Monthly Archives: May 2015

The Summer Solstice – and Kite Flying!

the summer solstice
– and Kite Flying!


Foto by Ahlatlibel

HERE’S A QUIZ FOR YOU FOLKS! Just before the end of May, you probably spent quality time with the family at the beach, or in your own backyard with friends and kin presiding over a BBQ.

Select, then, either A or B of the following faux ancient couplets by yours truly and e-mail your response to me at no later than May the 31st.

  1. Which Day, forsooth, hath Summer begun? ‘Twas on Memorial Day, I trow!
  2. Doth Thou, who welcometh Summer in June, Bethink it starteth two-thirds o’ the Way through?

PS: There are no prizes offered here, but the first two respondents with the correct answer will be duly recognized in my blog.

For those not in the know, at this time of year kite flying – starting with the advent of Spring in April and often right through mid-July – is a passion in many parts of the world. For starters, there is the subcontinent (India, Pakistan, Nepal and Bangladesh) as well as Afghanistan. And then the countries in East Asia, notably Korea and Japan. Not to be outdone, children and adults in Australia and the USA are joining their ranks in increasing numbers.

As they all discover in due time, it’s not only fun to fly kites in wide open spaces and en plein air, but it’s also a highly competitive team and individual sport.

Of late, there has been a spate of literary interest in the subject due mainly, I think, to the Afghan writer, Khaled Hosseini, who has – among other gems – crafted a best-seller in “The Kite Runner.” It’s memorable ending runs with the breathless:

“I ran. A grown man running with a swarm of screaming children. But I didn’t care. I ran with  the wind blowing in my face, and a smile as wide as the Valley of Panjsher on my lips.

I ran.”

 Copyright © 2015 Azim Lewis Mayadas

Famous Family Fusion of Musical Masters

Quite a mouthful for a title to get off ones chest.

But here am I on May the 22nd musing about this and that when out of the blue I decide to celebrate in words, pictures and, yes, music one of the great collaborations between a giant of opera and stagecraft and an all-time genius of the keyboard and hoopla, both as a performer and prolific composer. Any guesses, dear reader?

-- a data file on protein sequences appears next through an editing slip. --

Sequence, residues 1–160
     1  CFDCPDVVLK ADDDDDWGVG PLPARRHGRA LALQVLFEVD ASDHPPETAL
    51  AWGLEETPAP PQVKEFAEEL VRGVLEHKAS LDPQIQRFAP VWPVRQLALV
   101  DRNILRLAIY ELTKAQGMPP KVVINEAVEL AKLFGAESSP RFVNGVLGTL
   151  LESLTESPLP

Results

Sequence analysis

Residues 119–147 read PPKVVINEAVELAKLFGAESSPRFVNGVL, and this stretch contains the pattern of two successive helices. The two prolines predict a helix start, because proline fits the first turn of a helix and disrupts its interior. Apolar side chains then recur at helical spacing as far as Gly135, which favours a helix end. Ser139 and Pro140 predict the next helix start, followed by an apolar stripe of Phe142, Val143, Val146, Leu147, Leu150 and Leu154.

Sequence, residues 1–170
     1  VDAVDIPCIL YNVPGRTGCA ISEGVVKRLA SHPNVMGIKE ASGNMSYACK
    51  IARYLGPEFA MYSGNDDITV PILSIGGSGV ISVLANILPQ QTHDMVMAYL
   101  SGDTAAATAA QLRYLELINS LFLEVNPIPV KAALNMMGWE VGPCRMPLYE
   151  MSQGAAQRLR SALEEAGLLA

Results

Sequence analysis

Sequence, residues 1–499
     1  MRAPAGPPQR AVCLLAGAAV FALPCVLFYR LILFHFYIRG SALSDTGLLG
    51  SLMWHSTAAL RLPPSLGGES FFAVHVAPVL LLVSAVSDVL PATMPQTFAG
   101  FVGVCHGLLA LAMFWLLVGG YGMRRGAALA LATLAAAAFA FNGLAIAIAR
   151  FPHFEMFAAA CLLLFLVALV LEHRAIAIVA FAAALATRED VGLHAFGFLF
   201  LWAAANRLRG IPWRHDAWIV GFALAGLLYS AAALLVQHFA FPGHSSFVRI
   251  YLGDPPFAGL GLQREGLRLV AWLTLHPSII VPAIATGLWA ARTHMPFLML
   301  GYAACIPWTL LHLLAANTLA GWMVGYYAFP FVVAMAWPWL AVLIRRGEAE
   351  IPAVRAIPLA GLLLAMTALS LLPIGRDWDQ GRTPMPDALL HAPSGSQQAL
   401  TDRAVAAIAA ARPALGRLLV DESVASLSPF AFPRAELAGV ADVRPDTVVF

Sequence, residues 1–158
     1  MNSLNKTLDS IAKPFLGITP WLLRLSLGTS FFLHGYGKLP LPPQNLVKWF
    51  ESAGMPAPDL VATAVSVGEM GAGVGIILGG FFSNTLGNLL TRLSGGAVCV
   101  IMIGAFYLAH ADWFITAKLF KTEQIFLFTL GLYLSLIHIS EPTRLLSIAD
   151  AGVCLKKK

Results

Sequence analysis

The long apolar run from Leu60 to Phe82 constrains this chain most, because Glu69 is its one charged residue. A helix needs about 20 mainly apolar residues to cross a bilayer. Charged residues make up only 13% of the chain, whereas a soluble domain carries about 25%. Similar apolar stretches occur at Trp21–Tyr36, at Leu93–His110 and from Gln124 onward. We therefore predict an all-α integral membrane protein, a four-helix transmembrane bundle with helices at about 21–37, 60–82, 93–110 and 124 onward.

I’ll interrupt to spare you the agony of waiting – so here goes! The giant was Richard Wagner, born this day in 1813 in Leipzig, Germany; the genius was Franz Liszt, born a couple of years earlier in Raiding, Hungary. I have marble busts of each gentleman that adorn the bookshelf in my Englewood den, and here they are: Wagner-Liszt B

Wagner, on the left, was the son-in-law of Liszt, on the right.

In 1859, Wagner wrote his mighty love drama, Tristan and Isolde, and while involved in his creative labors he fell in love with Cosima, the daughter of Liszt.  In 1865 a daughter was born to them and was named Isolde. When Ludwig II, king of Bavaria, became Wagner’s patron, a number of his music dramas were performed in Munich, including Tristan and Isolde in 1865 – 150 years ago!

These days, one of the excerpts most often performed at symphony concerts is the Prelude and Love-Death from – you guessed it! – Tristan and Isolde. Wagner’s unique compositional device that he exploited with amazing artistic effect was the Leitmotif, or leading motif – a specific theme, or melodic fragment, identifying a particular character, object, feeling and situation in his dramas.

There was a rift between our two protagonists in 1866, but without going into too many  familial details, suffice it to say that they were finally reconciled in 1872, thereby enabling Liszt to participate in the ceremonies attending the laying of the cornerstone of the Wagner festival theater in Bayreuth. (Below is the inner page copy of my “Wagner-Liszt Album” that includes Liszt’s transcriptions for the piano from Wagner’s operas.)